What Should You Avoid to Improve Breathing?

Certain foods can exacerbate your COPD symptoms, making it harder to breathe by increasing inflammation, mucus and carbon dioxide in the body. Here’s what to limit so that you don’t make your COPD symptoms worse.[5]

  • Simple carbohydrates like candy, soft drinks, white sugar and baked goods, which produce the most carbon dioxide during metabolism
  • Trans or saturated fats in foods like lard, shortening, margarine, butter, meat-derived fats, animal skin, hydrogenated vegetable oils, fried food, fast food, crackers and sweets like cookies and pastries, which are bad for heart health
  • Excess sodium, which can cause swelling (edema) and increase blood pressure.
    ●    Foods that cause gas and bloating, like carbonated drinks and cruciferous veggies, which can press on your diaphragm and make it hard to breathe properly.
    ●    Certain dairy products, like ice cream and yogurt, can cause increases in phlegm, making breathing more difficult.
    ●    Processed and cured meats, which contain nitrates and negatively impact lung health

Customizing Holiday Foods to Benefit Your COPD

With the fall season in full swing and the holidays on the horizon, you might wonder how to incorporate your favorite seasonal foods without aggravating your COPD. Rest assured—there are plenty of fall and winter foods to help you feel both healthy and festive.

  • Roasted pumpkin seeds: These provide magnesium, omega-3 fatty acids, antioxidants, fiber and immune-boosting vitamin E to benefit bone and heart health and fight inflammation.[6]
  • Apple cider: True apple cider is an excellent source of vitamin C and antioxidants, and may support heart health, decrease blood pressure and benefit digestion.[7]
  • Sweet potatoes: Rich in vitamins A, C and B6, sweet potatoes support the health of your brain, vision, digestion, nervous and immune systems.[8]
  • Turkey: This holiday favorite is an excellent lean protein (skip the skin). Avoid those that are plumped with saline, though, as they’ll have too much sodium.[9]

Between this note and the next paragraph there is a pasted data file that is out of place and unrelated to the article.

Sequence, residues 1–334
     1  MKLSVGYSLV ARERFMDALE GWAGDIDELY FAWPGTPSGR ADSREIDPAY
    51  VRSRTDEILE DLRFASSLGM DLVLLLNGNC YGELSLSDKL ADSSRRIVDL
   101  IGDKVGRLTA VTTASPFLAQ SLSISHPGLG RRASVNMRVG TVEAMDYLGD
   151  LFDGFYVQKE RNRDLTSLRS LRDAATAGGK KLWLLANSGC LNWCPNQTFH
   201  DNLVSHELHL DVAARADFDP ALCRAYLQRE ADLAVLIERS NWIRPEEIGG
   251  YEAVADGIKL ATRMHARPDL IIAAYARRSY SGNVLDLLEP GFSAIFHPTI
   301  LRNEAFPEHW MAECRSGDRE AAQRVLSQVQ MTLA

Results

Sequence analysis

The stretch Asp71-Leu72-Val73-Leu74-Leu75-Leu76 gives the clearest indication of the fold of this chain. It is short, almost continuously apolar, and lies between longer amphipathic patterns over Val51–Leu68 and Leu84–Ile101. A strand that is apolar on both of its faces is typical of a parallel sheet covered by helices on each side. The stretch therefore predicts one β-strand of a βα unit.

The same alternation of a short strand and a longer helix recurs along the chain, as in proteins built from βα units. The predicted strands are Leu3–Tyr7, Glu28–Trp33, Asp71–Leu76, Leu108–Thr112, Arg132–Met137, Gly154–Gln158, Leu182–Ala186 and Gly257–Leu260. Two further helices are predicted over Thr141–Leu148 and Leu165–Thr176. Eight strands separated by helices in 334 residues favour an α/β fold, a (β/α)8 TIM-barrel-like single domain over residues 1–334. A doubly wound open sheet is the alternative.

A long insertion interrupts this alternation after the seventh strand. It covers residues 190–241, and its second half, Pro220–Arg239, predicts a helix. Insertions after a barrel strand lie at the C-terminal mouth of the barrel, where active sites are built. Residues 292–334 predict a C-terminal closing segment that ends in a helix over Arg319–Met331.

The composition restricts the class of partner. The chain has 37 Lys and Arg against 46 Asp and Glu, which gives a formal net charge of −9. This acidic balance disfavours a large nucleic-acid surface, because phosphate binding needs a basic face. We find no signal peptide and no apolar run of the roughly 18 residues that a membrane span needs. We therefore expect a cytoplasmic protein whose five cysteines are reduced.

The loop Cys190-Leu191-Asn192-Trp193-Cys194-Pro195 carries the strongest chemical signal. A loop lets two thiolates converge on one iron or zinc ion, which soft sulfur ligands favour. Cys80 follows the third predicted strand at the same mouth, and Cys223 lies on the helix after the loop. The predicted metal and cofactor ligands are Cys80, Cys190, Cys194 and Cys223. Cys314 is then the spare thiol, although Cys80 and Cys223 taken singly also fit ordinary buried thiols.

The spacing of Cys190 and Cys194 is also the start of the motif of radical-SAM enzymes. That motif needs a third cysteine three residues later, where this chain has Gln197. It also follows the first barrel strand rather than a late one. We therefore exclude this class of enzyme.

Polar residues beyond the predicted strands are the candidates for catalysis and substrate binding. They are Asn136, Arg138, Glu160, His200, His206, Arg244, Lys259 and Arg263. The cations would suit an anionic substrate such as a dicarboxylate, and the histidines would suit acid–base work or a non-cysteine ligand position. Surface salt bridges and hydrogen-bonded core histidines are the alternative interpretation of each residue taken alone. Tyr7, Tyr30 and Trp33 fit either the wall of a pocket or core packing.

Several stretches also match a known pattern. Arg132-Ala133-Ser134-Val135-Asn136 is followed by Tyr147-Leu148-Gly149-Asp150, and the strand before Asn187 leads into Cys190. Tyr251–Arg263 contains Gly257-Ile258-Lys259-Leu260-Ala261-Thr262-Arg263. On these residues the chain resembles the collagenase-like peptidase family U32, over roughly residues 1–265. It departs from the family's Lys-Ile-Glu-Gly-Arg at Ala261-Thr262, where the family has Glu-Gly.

• Pumpkin or butternut squash: Both are high in vitamins A and C, as well as antioxidants and fiber.[9]
  • Nuts: Set out a bowl of nuts and a nutcracker during the holidays. Since these offer protein, fiber and healthy fat, they’re a smart choice for people with COPD.[9]

A COPD diet doesn’t have to eliminate flavor! Just be thoughtful about what you eat and how it affects your COPD, and you can reduce your symptoms and enjoy flavorful food, no matter the season.

Sources:
[1] “Nutrition and COPD.” American Lung Association, American Lung Association, 1 Apr. 2020, www.lung.org/lung-health-diseases/lung-disease-lookup/copd/living-with-copd/nutrition.
[2] Morales-Brown, Louise. “COPD Diet: Foods to Eat, Foods to Avoid, and Diet Plan.” Medical News Today, MediLexicon International, 13 July 2020, www.medicalnewstoday.com/articles/copd-diet.
[3] “Diet and Nutrition for Energy with COPD.” Cleveland Clinic, Cleveland Clinic, 14 Sept. 2018, my.clevelandclinic.org/health/articles/9451-nutritional-guidelines-for-people-with-copd.
[4] DerSarkissian, Carol. “Calcium and Vitamin D: Top Foods to Prevent Osteoporosis.” WebMD, WebMD, 22 July 2020, www.webmd.com/food-recipes/guide/calcium-vitamin-d-foods.
[5] Lashkari, Cashmere. “Foods That Can Irritate COPD.” News-Medical.Net, News-Medical.Net, 26 Feb. 2019, www.news-medical.net/health/Foods-that-can-irritate-COPD.aspx.
[6] Ware, Megan. “Pumpkin Seeds: Benefits, Nutrition, and Dietary Tips.” Medical News Today, MediLexicon International, 24 July 2018, www.medicalnewstoday.com/articles/303864.
[7]Picincu, Andra. “Apple Cider Benefits.” LIVESTRONG.COM, Leaf Group, 7 Oct. 2019, www.livestrong.com/article/377670-apple-cider-benefits/.
[8] Shortsleeve, Cassie. “Are Sweet Potatoes Healthy? Here Are the Health Benefits.” Time, Time, 10 Jan. 2019, time.com/5498125/are-sweet-potatoes-healthy/.
[9] Lee, Janet. “8 Holiday Foods That Are Healthier Than You Think.” Consumer Reports, Consumer Reports, Inc., 16 Nov. 2019, www.consumerreports.org/nutrition-healthy-eating/holiday-foods-that-are-healthier-than-you-think/.